Wild Cards, Ace in the Hole: Wild Cards (Wild Cards, Book 1) (Volume 1)

Wild Cards - George R.R. Martin, Walter Jon Williams, Mike Zeck, Leanne C. Harper, Melinda M. Snodgrass, John J.  Miller, Edward Bryant, Victor Milán, Brian Bolland, Lewis Shiner, Stephen Leigh, Howard Waldrop, Roger Zelazny I started this book last year for the one and only reason that it was directed by George Martin, and I was in love with his style from his now well-known and massively-mediatized series, A Song of Ice and Fire . I loved that series, every second of it, so here I was bouncing up and down when I heard that George Martin was the editor to another series, and not just ANY kind of series, but one that took 21 books to be written.

Wait for me, heaven of long stories, I'm just around the corner.

So I got the book on my ebook and I hungrily started reading it. I loved the story and the really innovative way to talk about and invasion and all that, but I don't know why, it took me like two months to finish it. Two fucking months. It might have something to do with the fact that while I'm in school I have to pick the books I read really carefully because I don't have that much time to read. Of course, once the Christmas vacantion started I fired up and read like four, five hundred pages a day and that's just for starters because I was really "hungry" for books.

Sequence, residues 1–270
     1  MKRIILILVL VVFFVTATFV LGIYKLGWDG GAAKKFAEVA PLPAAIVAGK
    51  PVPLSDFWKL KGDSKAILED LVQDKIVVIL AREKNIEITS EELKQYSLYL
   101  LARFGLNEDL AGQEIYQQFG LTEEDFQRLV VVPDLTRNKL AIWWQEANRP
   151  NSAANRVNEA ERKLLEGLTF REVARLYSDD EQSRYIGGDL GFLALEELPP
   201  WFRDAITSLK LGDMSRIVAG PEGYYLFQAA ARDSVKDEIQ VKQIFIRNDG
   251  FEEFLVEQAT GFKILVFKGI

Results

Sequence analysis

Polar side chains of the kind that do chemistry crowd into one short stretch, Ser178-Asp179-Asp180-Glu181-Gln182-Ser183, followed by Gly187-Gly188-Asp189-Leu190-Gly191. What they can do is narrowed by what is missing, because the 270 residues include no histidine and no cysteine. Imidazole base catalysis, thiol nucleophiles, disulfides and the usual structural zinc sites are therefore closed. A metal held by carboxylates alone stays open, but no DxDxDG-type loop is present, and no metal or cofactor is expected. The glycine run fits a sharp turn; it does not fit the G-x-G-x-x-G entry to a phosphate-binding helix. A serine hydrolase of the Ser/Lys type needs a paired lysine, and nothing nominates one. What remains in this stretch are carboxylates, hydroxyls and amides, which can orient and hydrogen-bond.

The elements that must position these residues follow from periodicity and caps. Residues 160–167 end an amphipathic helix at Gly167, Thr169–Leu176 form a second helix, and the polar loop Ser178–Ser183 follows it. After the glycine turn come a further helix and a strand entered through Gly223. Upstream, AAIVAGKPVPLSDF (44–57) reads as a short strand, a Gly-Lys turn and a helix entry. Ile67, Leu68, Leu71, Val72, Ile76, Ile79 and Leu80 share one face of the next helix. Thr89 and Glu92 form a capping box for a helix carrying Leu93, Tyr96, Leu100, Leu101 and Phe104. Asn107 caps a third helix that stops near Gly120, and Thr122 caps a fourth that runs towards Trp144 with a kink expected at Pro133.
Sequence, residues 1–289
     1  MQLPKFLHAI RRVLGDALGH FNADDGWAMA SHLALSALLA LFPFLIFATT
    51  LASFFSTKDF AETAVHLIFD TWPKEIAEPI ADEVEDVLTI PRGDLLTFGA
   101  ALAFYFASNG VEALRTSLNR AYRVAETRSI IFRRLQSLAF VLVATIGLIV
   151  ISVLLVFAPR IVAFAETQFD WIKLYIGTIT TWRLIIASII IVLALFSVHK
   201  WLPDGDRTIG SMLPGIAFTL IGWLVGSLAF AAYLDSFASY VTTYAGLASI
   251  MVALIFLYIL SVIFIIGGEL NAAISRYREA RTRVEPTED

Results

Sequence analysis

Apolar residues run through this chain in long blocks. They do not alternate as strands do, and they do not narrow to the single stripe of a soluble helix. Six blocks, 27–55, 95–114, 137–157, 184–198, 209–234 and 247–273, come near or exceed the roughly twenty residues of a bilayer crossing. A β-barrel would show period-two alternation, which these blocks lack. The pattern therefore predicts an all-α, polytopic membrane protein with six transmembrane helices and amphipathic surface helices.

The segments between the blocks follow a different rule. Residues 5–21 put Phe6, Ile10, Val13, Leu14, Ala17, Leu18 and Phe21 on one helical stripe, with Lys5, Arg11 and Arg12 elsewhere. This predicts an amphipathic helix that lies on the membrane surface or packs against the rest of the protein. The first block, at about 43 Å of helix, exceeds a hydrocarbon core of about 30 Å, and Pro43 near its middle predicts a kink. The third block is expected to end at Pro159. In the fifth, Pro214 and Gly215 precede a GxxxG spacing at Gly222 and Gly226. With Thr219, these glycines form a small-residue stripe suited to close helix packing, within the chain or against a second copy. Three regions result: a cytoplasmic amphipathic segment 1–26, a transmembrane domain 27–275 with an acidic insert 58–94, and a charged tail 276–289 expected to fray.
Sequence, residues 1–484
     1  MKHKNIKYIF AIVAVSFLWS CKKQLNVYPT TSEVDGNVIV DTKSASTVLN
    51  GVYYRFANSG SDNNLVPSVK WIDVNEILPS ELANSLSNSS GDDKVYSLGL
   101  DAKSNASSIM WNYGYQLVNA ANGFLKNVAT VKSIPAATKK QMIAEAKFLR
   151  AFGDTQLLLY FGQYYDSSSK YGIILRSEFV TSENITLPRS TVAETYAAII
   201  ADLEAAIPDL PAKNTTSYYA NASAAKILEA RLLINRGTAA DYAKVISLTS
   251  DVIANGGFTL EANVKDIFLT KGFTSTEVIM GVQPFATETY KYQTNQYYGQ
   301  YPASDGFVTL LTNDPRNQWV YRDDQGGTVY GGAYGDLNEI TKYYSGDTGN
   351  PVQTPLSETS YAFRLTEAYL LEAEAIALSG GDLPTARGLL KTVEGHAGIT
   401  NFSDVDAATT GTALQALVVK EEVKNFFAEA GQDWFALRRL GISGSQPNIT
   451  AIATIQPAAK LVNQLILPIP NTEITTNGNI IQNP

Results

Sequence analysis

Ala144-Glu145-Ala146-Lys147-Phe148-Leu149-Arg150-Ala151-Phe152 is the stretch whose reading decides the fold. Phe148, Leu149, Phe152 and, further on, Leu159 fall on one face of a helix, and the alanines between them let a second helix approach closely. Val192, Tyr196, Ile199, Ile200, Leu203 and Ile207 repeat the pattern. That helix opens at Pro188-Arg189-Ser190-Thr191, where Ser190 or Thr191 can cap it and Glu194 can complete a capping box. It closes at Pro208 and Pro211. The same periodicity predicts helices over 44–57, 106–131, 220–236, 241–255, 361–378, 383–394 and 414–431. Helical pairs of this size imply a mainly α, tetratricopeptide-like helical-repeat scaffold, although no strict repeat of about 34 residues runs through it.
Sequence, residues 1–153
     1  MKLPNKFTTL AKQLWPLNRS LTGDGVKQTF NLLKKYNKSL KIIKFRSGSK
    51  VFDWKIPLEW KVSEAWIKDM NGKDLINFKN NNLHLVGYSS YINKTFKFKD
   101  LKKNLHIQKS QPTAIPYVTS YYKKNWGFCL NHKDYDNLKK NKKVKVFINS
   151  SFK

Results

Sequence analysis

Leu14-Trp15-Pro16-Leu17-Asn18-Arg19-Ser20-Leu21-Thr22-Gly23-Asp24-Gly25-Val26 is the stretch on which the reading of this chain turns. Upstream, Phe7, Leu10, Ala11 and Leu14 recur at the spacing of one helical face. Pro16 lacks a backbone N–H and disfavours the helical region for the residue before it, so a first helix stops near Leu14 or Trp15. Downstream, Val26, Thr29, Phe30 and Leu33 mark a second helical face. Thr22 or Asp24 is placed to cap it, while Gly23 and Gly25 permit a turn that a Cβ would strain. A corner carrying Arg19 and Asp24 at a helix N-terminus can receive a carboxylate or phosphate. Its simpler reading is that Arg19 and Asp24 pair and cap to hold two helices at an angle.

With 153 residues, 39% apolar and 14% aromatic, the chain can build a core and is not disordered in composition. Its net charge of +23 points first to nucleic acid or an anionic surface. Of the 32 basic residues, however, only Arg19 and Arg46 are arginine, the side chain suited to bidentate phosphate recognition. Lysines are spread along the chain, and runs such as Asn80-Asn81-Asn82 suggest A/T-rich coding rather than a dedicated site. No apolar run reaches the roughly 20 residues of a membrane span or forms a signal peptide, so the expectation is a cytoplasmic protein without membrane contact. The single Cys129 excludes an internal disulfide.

The thing is, this wasn't written by Martin. He was the editor. Other people, many other people wrote it and all these passages follow the same story, sort of, but they speak of different things and what's most troubling is that it's written in different styles and you can feel that throughout the pages.

Anyways, let's get back to the subject. Out there, in this Universe, another civilization decides to use Earth as a playground and they release a virus on our planet that is supposed to mess with our genetic encoding and make something else of humans. Well, it did. But 9 out of 10 people died, and only one in ten of those (so that would be one in a hundred, i hate maths) really developed something good.

What was left was that after that day, the day that became known as the Wild Card day because the virus itself did very different things with humans and you didn't know what "card" you woulkd be given, humanity changed radically.

The Aces, the Jokers and the Deuces apeared. I LOVE LOVE LOVE this way of talking about the virus and the effects it had. The Aces were the ones with good powers like telekinesis and hulkuesque powers that could lift houses with one finger of their foot while standing upright on their tongue. These Aces kept their human form and could do really good things. The Jokers are the men and women and children that got the ugly part of the wild card - they became monsters. Red skin, burning flesh, animal parts, no powers but just complete filth and ugliness. And the Deuces were the ones with really useless powers like being able to transform into a puddle of water.. like in case you wanted to be mopped around the floor of a restaurant.

The story unfolds from there, with government decrees and other really cool things. I liked this book, and I have no goddamned ideea why it took me so long to finish it. Really. None.